In 1964, the first USAF gunship, the Douglas FC-47, enters service in Vietnam.
The gunship idea had been making slow progress under Project Tailchaser through the end of 1963 and the early part of 1964. Under Project Gunship, Captain Ron Terry implemented three-gun, remote-firing capabilities into a pair of converted Douglas C-47B Skytrains using modified SUU-11/A gun pods.
Flying their first experimental mission on December 15, 1964, the aircraft, officially dubbed “Spooky” but more commonly known as “Puff, the Magic Dragon.” launched out of Bien Hoa Air Base, South Vietnam and attacked enemy sampans, buildings, trails and suspected jungle staging areas raining devastation from above with their rotary miniguns.
Over the next few weeks, 16 combat sorties were flown, all considered successful. Over the next year, the U.S. Air Force quickly implemented a program to standardize and formally create AC-47 aircraft and experiment with two successors, the Fairchild AC-119G Shadow and AC-119K Stinger and the Lockheed AC-130 Spectre, establish Air Commando units, organize training programs, and implement tactics consistent with the aircraft’s capabilities. The program was so successful that it is still part of the U.S. Air Force arsenal, with the Lockheed AC-130H “Spectre” and AC-130U “Spooky” currently deployed and the AC-130J “Ghostrider” scheduled for deployment in 2017.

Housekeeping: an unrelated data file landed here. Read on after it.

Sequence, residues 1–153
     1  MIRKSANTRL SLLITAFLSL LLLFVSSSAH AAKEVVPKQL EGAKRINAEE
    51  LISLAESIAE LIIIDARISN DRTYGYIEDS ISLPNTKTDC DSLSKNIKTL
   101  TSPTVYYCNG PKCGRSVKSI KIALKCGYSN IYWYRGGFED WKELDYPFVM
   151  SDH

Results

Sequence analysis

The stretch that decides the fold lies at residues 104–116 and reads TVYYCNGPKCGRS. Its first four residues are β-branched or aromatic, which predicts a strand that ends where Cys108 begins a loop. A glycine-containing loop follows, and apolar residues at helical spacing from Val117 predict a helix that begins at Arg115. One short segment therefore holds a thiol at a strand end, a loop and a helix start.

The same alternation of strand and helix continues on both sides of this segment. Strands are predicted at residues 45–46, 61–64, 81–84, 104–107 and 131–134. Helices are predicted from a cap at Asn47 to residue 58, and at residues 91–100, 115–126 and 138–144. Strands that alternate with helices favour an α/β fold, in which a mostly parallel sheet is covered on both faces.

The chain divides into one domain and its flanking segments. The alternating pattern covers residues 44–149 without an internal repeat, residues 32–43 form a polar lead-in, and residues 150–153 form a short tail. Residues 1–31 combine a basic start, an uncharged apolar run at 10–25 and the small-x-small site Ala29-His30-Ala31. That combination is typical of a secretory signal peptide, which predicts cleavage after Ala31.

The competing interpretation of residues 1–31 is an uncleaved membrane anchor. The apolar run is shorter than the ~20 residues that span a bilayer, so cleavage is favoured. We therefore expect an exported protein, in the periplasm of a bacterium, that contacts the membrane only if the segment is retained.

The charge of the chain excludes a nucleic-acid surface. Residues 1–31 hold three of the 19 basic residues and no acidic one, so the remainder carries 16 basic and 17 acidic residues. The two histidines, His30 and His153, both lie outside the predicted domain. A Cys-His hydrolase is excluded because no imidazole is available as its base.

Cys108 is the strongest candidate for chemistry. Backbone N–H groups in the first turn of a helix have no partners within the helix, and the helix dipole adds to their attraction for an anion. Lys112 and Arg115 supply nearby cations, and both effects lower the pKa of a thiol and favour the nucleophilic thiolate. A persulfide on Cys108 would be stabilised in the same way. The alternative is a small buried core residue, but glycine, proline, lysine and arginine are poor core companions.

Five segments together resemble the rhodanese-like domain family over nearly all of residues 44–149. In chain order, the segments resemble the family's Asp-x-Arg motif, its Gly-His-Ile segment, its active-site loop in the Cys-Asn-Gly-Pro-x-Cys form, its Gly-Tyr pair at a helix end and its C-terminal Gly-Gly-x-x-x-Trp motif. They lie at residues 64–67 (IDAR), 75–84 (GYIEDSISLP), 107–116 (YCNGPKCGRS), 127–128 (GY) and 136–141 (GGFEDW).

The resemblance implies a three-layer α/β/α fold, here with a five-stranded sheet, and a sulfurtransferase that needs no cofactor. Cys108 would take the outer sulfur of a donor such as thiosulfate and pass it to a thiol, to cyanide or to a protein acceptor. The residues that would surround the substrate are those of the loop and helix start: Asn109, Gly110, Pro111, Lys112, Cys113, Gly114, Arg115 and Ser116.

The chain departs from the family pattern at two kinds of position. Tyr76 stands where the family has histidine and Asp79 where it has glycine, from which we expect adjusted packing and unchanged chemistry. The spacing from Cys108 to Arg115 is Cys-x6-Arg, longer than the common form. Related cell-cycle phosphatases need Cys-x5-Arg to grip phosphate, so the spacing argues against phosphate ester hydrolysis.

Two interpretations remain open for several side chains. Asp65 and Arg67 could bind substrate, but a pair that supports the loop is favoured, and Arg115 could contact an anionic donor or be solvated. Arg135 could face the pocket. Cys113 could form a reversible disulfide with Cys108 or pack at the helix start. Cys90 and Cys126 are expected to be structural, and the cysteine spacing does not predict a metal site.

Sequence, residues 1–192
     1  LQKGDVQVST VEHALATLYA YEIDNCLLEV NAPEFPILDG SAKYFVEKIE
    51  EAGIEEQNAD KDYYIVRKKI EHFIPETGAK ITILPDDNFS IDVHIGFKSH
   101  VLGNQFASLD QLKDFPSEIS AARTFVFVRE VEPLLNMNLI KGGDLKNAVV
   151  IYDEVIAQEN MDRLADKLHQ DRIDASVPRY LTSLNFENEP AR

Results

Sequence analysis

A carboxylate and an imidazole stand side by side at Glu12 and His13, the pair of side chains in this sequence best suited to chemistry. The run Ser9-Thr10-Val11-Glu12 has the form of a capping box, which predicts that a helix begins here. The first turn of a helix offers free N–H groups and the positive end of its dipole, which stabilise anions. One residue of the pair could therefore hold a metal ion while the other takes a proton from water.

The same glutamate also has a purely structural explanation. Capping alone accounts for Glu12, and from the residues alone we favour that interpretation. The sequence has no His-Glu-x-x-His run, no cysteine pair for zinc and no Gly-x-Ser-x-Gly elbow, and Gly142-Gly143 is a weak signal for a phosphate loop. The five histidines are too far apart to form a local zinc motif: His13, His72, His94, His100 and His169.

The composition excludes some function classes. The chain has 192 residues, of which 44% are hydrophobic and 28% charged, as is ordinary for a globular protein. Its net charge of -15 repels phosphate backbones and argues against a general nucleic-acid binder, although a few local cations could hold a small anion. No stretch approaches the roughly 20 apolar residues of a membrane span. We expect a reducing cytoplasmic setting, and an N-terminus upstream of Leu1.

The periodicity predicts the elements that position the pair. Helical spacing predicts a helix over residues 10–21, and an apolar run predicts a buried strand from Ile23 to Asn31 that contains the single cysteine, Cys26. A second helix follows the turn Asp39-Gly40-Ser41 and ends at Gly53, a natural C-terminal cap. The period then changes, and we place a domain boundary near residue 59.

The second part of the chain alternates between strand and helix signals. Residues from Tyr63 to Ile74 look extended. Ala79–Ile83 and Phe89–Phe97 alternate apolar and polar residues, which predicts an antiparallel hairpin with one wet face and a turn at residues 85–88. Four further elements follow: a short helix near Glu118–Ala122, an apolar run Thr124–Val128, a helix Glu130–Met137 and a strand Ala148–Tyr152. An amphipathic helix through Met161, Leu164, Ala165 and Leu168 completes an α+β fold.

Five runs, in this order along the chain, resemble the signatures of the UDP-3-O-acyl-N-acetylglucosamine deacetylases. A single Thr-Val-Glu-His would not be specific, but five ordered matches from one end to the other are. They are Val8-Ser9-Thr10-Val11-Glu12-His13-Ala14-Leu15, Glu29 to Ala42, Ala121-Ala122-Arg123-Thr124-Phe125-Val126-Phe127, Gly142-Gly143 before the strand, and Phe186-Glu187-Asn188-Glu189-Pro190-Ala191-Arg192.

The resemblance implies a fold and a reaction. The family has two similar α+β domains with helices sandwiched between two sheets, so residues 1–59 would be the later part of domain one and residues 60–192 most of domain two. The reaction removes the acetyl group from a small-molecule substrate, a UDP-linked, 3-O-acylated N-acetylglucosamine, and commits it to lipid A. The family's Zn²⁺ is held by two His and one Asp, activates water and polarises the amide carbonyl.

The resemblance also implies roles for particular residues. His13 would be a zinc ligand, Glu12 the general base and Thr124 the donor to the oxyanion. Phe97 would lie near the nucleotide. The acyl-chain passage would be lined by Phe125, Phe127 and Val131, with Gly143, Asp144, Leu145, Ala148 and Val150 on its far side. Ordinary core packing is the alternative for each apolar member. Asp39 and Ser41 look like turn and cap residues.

Unlike other military fixed-wing aircraft, the AC-130 relies on visual targeting and operates at low-altitude (roughly 7,000 ft). The United States Air Force is the sole user, using the current AC-130U Spooky II variant
A 25mm Gatling-type rotary cannon fires down on Pilsung Range from an AC-130U Spooky gunship during exercise Teak Knife 12-3 over the Republic of Korea, Sept. 12, 2012. Teak Knife 12-3 highlights the longstanding military partnership between the U.S. and ROK by enhancing the combat readiness of U.S. and Republic of Korea Special Operations and supporting forces through combined and joint live-fire training. (U.S. Air Force photo/Staff Sgt. Craig Cisek)